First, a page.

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I'm starting the parser that will handle one of the key features of my app and realizing exactly who easy it would be for me to screw up a resource file that is provided to the application. For example, a simple resource that I provide to my app is a JSON file that contains an entity layout (name, fascia, location etc...). It would be easy for me to leave out the name of the entity or misspell the JSON key.

Obviously catastrophic failures during parsing are to be handled in a try/catch, but how would subtle failures (such as a dyslexic spelling of name) be handled?

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2 Answers 2

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What's the difference between a "catastrophic failure during parsing" and a "dyslexic fail" (say a , instead of a ;, or a ' instead of a " - those two pairs of symbols are on neighboring keys on my keyboard), fundamentally, from the end-user's* point of view?

If the JSON** is malformed due to a typo, giving a good error message is usually not trivial because from the parser's point of view, the (catastrophic) error might not be where the actual error is from a human point of view. So, in my opinion, the case you're "dismissing" as a technical detail is the hard one to deal with.

If you have a valid JSON file, but missing (or extraneous) properties, giving a good error message (i.e. failing the right way) is comparatively trivial: just tell the user what you're expecting that's not there, or doesn't have the right kind of value. You can make that even easier to the user if you state in the error message things like "keys are case-sensitive" or "dates must be entered in dd/mm/yyyy format" or whatever is relevant.

How you technically implement that will depend on the language, but keeping a list of mandatory and optional parameters (with their value types and default values) is not technically challenging - you could, in fact, do that with a JSON file that would be used both as input to your parser and as a source for your docs.
Build and maintain that list, and you're done. Have a few testcase resources and make sure your parser (and "constructors") fails hard (at least during automated tests) when a mandatory property is missing, or yields a big warning if an unknown property is present (not in that list).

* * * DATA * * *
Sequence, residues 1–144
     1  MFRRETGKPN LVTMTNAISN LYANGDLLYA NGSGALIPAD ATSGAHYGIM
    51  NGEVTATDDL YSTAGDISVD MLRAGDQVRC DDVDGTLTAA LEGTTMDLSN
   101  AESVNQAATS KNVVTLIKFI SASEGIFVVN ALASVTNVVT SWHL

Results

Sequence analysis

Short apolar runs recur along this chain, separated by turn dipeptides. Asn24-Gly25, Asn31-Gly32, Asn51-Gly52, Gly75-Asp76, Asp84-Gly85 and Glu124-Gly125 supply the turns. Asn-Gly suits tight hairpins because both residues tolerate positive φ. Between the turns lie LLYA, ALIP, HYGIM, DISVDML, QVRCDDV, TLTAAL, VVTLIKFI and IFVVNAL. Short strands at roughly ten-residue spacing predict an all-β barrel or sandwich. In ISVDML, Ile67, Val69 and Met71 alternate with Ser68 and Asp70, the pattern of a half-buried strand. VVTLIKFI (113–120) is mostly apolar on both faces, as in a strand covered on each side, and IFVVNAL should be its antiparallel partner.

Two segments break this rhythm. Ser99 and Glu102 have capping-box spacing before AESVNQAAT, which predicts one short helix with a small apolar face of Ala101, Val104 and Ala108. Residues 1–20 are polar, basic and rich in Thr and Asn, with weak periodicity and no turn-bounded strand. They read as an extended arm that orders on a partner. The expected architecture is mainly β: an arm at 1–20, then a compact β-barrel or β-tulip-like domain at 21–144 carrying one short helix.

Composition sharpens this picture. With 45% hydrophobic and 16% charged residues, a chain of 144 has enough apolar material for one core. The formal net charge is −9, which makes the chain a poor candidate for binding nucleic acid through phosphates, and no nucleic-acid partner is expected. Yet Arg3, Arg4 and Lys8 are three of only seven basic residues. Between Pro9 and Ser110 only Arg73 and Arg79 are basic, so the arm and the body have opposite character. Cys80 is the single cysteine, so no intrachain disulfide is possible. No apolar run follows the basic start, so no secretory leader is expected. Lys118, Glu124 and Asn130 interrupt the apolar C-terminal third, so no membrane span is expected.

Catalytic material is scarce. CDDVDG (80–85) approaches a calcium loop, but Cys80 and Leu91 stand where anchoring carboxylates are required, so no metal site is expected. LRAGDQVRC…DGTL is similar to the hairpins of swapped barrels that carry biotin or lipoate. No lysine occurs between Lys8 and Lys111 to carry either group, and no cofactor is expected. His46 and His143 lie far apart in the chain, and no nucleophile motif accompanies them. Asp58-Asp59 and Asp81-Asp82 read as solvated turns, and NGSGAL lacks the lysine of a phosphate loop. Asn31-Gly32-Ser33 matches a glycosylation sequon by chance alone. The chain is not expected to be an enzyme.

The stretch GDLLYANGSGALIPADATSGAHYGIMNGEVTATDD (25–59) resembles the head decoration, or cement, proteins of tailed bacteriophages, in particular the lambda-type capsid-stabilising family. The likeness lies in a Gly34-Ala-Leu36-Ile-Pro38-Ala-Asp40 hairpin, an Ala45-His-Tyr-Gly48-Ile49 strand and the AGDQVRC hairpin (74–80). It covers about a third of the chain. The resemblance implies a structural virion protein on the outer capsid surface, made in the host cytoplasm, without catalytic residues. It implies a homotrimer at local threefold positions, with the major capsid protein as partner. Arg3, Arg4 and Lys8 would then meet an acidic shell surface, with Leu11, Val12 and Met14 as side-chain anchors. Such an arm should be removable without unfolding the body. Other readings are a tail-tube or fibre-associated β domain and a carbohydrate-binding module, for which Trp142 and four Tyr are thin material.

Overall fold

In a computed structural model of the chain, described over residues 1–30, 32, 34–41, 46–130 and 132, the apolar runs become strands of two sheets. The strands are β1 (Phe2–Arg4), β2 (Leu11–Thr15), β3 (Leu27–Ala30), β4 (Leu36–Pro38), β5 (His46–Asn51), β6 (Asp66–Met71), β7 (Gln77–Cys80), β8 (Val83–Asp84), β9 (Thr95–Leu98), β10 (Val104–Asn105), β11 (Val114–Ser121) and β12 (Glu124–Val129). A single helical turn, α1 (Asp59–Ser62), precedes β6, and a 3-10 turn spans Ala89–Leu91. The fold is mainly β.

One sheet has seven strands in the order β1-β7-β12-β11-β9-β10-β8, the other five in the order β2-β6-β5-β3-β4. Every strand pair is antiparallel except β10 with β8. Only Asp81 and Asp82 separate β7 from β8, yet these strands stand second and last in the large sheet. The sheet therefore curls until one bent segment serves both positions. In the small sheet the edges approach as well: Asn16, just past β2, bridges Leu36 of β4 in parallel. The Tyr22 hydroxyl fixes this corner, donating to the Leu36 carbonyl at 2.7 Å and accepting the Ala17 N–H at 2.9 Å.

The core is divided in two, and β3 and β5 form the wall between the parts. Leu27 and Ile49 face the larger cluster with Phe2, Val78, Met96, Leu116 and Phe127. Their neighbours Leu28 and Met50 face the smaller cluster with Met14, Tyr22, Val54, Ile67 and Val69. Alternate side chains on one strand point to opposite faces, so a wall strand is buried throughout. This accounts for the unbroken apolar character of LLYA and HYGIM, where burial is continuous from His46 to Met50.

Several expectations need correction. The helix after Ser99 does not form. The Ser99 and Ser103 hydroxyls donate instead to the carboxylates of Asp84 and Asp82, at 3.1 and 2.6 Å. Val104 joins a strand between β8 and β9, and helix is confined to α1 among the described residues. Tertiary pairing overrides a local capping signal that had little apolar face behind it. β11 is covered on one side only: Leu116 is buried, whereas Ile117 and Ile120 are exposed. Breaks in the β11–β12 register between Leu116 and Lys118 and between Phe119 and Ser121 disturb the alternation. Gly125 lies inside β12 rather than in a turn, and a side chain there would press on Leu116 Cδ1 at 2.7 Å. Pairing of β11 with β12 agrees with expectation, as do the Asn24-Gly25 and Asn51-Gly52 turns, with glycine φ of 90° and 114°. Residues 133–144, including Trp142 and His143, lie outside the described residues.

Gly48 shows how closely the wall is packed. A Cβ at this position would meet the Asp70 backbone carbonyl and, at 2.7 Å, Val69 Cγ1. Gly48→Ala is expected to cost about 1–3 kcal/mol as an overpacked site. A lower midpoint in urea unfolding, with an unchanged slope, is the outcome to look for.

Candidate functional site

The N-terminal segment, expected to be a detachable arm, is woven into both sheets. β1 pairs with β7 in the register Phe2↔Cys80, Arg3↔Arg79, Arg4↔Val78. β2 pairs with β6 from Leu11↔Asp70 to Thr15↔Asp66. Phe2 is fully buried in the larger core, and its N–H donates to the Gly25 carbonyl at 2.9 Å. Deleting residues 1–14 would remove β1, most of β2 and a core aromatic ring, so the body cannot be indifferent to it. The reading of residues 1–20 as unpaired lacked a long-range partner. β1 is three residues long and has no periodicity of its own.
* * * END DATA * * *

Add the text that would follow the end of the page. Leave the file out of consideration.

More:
If you add mandatory properties to your code, but forget to update that list, your testcases will tell you – either by the parser detecting that, or the "constructors" yelling at you because they're missing data. Same thing if you change names or value types.

*You phrased your question in such a way that you seem to be the end-user. But if that resource loading is a key feature of your app, keep in mind that there will hopefully be many more people playing with that.
**Substitue any format here.

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How would subtle failures (such as a dyslexic spelling of name) be handled?

Unit testing. I don't know what language you are using, but JUnit works great in Java and Scala. You are writing something that takes in some kind of input and produces JSON? Start by making a test that feeds it a known good input file and checks to see that the output is exactly what you want. Once you have a few tests written, you can change your code and have run the test to have a sense that the basic functionality that was there before is still working.

Another possible solution is to make your application that reads the JSON really good at reporting errors, deciding when to reject input vs. continue processing after an error is encountered (fatal and non-fatal errors), and correcting for small common mistakes.

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